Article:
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September 29, 1978 - Image 7

Resource type:
Text
Publication:
The Michigan Daily, 1978-09-29

Disclaimer: Computer generated plain text may have errors. Read more about this.

Fall bri
By KAREN BORNSTEIN
It's inevitable - -fall is here, so why
ot enjoy it and reap in a harvest taking
lace right on campus grounds? The
arvest is the annual Fall Art Fair
king place September 30th and Oc-
ober 1st on the Michigan Union lawn.
he festive event will overflow with the
reshest creative expressions, ready to
shared with the public at last after
riods of hard work and growth.
The Fall Art Fair will be more than a
leasurable exhibition of works by 75
rtists and craftspeople who come from
11 over Michigan, and areas of Ohio,
isconsin, Illinois and Iowa. It will be a
elting pot for all of the arts, and
hould successfully blend music, dance,
ne arts, theatre performances and
emonstrations of various artistic
echniques, to form one gala kick-off for
e new art season.
SPONSORED BY the University of
lichigan Artists and Craftsmen Guild,
is fair will not feature the Mexican
ugs, decoupage purses or tie-dyed T-
hirts so many winced at while atten-
ing certain areas of the annual Sum-
er Art Fair. The Guild has a set of
ndards and rules which every artist
ust agree to before exhibiting in any
uild fair or show.
The major rule is that all works must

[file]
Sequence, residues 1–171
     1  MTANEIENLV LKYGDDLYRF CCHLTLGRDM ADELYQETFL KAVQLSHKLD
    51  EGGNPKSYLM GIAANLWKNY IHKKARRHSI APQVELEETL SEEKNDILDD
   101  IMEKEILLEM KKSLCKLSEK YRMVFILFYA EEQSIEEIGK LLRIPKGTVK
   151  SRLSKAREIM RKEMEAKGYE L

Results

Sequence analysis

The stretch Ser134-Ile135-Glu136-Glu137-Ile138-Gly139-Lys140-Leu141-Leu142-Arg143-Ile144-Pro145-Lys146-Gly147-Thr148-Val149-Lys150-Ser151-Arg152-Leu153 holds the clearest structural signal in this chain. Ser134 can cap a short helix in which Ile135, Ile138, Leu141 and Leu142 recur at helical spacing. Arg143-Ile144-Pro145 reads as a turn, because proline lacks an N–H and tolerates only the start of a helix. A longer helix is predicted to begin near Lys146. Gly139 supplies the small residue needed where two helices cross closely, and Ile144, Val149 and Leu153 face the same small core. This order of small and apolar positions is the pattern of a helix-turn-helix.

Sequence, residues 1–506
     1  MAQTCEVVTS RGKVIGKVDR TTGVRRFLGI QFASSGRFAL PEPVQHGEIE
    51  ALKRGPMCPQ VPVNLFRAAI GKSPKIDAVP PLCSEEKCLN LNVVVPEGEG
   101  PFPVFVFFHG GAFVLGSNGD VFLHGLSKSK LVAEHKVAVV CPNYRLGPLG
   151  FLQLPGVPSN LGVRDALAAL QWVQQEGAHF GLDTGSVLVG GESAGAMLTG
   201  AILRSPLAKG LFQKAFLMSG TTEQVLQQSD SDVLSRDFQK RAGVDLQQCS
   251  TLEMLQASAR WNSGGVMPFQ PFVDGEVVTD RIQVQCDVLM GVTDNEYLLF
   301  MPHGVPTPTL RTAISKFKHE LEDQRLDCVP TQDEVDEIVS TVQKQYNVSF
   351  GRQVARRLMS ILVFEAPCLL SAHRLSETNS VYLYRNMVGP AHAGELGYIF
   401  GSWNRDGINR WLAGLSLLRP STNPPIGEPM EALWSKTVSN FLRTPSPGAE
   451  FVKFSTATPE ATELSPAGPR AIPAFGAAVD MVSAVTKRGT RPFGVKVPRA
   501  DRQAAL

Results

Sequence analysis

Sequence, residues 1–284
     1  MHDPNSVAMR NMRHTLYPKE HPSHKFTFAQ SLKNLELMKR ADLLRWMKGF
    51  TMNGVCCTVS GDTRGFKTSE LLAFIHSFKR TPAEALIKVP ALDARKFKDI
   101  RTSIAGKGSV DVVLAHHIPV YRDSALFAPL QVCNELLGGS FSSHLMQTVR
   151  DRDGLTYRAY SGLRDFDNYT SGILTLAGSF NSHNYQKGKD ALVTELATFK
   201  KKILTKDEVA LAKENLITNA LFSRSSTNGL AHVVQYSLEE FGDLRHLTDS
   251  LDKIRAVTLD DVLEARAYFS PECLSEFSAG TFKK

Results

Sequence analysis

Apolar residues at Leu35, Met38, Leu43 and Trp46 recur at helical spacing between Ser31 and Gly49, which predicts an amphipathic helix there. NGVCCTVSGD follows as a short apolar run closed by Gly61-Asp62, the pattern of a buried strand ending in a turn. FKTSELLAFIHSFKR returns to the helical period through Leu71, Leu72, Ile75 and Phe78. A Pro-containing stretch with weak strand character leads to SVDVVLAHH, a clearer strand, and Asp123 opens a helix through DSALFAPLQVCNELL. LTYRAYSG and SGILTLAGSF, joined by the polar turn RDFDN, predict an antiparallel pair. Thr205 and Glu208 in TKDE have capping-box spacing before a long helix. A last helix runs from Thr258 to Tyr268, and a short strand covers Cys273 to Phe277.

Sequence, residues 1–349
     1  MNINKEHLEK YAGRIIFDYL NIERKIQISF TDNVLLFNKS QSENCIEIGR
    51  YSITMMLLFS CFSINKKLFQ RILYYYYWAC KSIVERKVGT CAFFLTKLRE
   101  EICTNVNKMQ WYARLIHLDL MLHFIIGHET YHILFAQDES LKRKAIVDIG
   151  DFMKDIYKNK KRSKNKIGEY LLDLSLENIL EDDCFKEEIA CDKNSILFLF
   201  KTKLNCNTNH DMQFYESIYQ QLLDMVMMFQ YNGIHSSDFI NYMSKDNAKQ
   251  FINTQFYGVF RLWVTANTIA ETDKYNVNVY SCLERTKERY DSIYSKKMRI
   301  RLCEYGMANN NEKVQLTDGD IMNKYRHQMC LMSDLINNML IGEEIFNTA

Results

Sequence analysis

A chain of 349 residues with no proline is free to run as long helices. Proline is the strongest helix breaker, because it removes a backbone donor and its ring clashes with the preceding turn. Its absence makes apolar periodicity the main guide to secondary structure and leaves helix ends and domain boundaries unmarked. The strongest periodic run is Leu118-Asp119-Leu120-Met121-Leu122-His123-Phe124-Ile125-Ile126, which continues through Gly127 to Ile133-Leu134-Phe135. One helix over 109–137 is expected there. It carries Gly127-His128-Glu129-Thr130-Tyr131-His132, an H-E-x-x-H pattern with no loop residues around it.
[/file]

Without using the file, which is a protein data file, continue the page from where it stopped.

e handcrafted to help insure that
... each product sold at a Guild fair
r show isof original design and fully
andcrafted from beginning to end by
'e individual artist selling it."
Therefore, the fair will be brimming
ith a full range of original artistic
reations. Tempting those who attend
ill be handcrafted jewelry, functional.
nd decorative ceramics including
ku pots, bamboo flutes, batik and
ilkscreen wallhangings, stuffed toys,

The Michigan Daily-Friday, September 29, 1978-Page 7

ngs artists to Union lawn

paintings and stained and etched glass,
which is slowly becoming accepted and
appreciated as a true expressive art
form.
BUT, NOT ALL art must follow con-
ventions, and be displayed within the
confines of a booth, securely planted
upon Union grounds. At this carnival of
art an amazing and innovative work
referred to as a "wind sculpture" will
break from tradition by utilizing the
atmosphere as its pedestal.
The 16' by 16' modular structure of
red cloth, spruce and complex-box kites
will be found floating, suspended in the
air by guide-wire stretching from the
Union to the LS&A building. Streamers
will emanate from the anchor and
structural lines, and brass foil wind
chimes will hang from the lowest box
kite, creating musical noises, and cat-
ching the light.
Wind sculpture designer, Ann Arbor
artist Catherine Spurr, considers her
unique piece a repetition of units,
placed together to form one complete
whole. Designed as a whimsical symbol
of a festive gathering, she finds the